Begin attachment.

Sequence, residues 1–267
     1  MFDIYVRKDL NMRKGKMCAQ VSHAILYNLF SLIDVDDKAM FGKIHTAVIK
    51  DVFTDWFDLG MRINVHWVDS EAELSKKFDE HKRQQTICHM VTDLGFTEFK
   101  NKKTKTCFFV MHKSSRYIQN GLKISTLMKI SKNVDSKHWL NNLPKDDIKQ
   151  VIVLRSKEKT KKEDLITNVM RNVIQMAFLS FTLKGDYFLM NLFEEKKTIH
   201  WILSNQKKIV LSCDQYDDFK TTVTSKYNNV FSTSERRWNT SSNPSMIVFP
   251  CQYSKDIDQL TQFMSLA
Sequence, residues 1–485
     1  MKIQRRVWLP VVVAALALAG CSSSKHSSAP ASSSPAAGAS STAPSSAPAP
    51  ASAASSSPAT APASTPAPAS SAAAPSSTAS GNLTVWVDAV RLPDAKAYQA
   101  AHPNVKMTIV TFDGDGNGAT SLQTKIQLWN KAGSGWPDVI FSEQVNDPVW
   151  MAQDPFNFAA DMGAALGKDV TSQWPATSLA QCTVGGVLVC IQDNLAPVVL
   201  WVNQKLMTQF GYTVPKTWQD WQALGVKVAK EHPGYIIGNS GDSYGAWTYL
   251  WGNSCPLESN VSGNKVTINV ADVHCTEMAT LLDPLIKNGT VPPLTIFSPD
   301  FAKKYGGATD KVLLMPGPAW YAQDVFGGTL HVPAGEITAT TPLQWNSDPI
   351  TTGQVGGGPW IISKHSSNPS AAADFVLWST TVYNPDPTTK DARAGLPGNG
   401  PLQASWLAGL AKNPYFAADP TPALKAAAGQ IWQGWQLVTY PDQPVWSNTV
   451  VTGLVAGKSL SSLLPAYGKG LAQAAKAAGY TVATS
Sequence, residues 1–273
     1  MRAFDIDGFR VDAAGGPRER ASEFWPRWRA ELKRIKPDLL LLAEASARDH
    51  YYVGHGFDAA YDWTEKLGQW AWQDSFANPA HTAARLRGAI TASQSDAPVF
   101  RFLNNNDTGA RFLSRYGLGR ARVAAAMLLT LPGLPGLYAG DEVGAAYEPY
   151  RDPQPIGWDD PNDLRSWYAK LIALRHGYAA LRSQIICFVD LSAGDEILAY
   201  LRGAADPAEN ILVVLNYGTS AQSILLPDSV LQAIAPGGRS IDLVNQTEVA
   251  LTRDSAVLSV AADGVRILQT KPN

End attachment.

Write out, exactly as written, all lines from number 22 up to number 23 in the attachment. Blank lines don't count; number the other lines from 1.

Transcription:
   101  RFLNNNDTGA RFLSRYGLGR ARVAAAMLLT LPGLPGLYAG DEVGAAYEPY
   151  RDPQPIGWDD PNDLRSWYAK LIALRHGYAA LRSQIICFVD LSAGDEILAY